While Janet takes on the enormous, I take on the quotidian.
As every summer, I am in the French countryside until the end of August give or take a week. It's beautiful. And I am thankful for every day that starts anew. And each of those new days starts with a walk to the bakery, where we by our next 24 hours' supply of bread. Three baguettes if we are all here. Just one or two if I am here with my children and my mother-in-law.
As I've mentioned before, my mother-in-law lived here, in this town, during World War II. She lived with her severe grandmother. And they knew hunger.
One of the memories she has which seems to be clear and not rewritten by Alzheimer's is of her grandmother saying, "You must respect the bread." What she meant by this was more specific than you might think. She meant:
The bread should be cut and not torn. Tearing it is disrespectful of its fiber and its integrity.
The bread should be covered with a cloth to protect it from flies.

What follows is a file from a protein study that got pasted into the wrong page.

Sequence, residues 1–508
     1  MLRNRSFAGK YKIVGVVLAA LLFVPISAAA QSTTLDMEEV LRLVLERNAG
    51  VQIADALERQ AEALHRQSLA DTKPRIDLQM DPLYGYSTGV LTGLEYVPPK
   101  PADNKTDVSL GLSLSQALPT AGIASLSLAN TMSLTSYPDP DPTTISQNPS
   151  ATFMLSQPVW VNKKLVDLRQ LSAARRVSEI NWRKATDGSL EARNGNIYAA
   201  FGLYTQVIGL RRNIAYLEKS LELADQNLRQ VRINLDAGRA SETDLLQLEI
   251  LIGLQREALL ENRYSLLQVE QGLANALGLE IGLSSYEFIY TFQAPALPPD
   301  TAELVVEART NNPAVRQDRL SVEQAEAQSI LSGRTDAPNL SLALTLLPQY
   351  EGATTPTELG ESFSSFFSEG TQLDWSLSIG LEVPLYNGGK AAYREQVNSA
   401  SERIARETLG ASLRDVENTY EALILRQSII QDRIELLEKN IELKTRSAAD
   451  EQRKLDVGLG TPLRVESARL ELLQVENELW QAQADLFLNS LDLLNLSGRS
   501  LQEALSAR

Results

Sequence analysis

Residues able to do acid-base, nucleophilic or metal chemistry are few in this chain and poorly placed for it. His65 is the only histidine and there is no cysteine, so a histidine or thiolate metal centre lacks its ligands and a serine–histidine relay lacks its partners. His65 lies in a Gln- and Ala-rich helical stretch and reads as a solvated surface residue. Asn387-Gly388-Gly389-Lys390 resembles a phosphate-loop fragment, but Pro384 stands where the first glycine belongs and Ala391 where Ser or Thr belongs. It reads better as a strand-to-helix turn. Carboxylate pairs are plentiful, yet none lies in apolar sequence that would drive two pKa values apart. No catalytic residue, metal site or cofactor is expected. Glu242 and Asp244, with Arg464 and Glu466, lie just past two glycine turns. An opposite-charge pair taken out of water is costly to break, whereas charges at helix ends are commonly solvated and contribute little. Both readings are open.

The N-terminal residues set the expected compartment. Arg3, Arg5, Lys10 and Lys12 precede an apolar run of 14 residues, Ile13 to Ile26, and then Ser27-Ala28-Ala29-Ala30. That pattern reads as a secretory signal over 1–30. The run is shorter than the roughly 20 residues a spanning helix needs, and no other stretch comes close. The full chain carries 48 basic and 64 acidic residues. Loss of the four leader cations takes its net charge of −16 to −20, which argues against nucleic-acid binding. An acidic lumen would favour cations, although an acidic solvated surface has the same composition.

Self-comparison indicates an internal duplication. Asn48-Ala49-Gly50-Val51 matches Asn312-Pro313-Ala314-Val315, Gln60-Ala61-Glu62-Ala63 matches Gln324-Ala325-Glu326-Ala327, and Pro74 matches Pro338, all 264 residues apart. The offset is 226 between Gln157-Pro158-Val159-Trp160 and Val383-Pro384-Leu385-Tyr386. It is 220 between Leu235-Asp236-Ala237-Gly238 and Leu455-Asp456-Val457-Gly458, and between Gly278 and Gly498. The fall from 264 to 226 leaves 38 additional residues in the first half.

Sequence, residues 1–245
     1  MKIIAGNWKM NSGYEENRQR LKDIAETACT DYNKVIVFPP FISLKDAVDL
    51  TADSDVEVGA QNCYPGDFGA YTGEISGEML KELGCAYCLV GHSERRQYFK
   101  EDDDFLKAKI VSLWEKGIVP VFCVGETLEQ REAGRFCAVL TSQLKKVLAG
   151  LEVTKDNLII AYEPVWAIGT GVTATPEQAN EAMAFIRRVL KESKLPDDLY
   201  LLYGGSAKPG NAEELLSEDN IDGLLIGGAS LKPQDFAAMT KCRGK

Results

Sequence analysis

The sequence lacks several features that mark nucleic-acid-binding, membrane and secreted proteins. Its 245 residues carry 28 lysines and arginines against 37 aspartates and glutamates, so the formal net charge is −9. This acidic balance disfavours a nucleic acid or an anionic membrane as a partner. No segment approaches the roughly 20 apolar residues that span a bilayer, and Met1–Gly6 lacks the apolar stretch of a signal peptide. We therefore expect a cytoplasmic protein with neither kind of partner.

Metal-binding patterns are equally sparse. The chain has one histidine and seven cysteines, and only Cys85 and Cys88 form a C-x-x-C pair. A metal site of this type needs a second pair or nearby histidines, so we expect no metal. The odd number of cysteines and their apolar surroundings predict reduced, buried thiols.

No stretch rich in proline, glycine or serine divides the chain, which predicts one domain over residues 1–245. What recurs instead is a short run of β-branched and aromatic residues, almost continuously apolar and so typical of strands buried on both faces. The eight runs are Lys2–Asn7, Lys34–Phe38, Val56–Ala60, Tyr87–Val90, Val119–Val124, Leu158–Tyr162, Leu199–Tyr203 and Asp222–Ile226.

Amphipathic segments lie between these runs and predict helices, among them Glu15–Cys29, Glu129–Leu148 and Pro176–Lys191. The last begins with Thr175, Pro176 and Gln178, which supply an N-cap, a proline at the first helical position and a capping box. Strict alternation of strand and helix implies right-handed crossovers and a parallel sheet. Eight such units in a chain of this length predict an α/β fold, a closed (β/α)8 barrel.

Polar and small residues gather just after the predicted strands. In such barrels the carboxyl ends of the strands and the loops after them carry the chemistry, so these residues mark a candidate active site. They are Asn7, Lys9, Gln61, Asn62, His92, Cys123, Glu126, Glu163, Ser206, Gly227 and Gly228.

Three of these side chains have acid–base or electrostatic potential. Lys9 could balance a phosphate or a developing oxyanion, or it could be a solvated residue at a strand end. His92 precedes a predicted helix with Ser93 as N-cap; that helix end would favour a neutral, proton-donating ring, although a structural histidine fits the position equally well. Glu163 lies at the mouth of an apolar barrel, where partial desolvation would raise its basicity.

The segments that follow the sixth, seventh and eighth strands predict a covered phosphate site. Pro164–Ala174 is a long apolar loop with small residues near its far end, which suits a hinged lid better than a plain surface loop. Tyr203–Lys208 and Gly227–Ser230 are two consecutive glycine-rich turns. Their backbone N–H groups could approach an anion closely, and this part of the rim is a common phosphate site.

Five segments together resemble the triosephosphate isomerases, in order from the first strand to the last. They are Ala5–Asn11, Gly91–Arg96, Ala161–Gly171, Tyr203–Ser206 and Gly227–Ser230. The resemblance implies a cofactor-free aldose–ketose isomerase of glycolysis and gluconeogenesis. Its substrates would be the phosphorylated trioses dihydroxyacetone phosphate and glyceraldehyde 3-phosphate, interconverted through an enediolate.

The bread should be handled with care, even with love, if you will.
The bread should be eaten with thanks. Great thanks.
And most of all, the bread should never be wasted.
I'm still often guilty of tearing bread (I feel like I become one with it when I rip into its crust enclosed softness), but I think about her words every, single day. About the depth and breadth of the statement. It goes beyond kitchen and table, into field and factory. If one is to respect the bread, one respects what goes into it. And one respects the earth that gives rise to all those ingredients. And one respects the hand that made it.
The man that makes the bread in this small town, wakes up every day at 4:30 or 5:00. He feeds everyone of the 375 souls who live here. He does not take vacation. His name is Gérard, and he is missing some teeth. He greets me always with a smile and chatter that I have difficulty deciphering. He is covered with flour. His cat sleeps in the bakery on a stack of newspapers.
Tomorrow is another day. And another loaf of bread. I cannot wait to taste it. If there is a 'God Particle,' it will be baked inside it. —Charlotte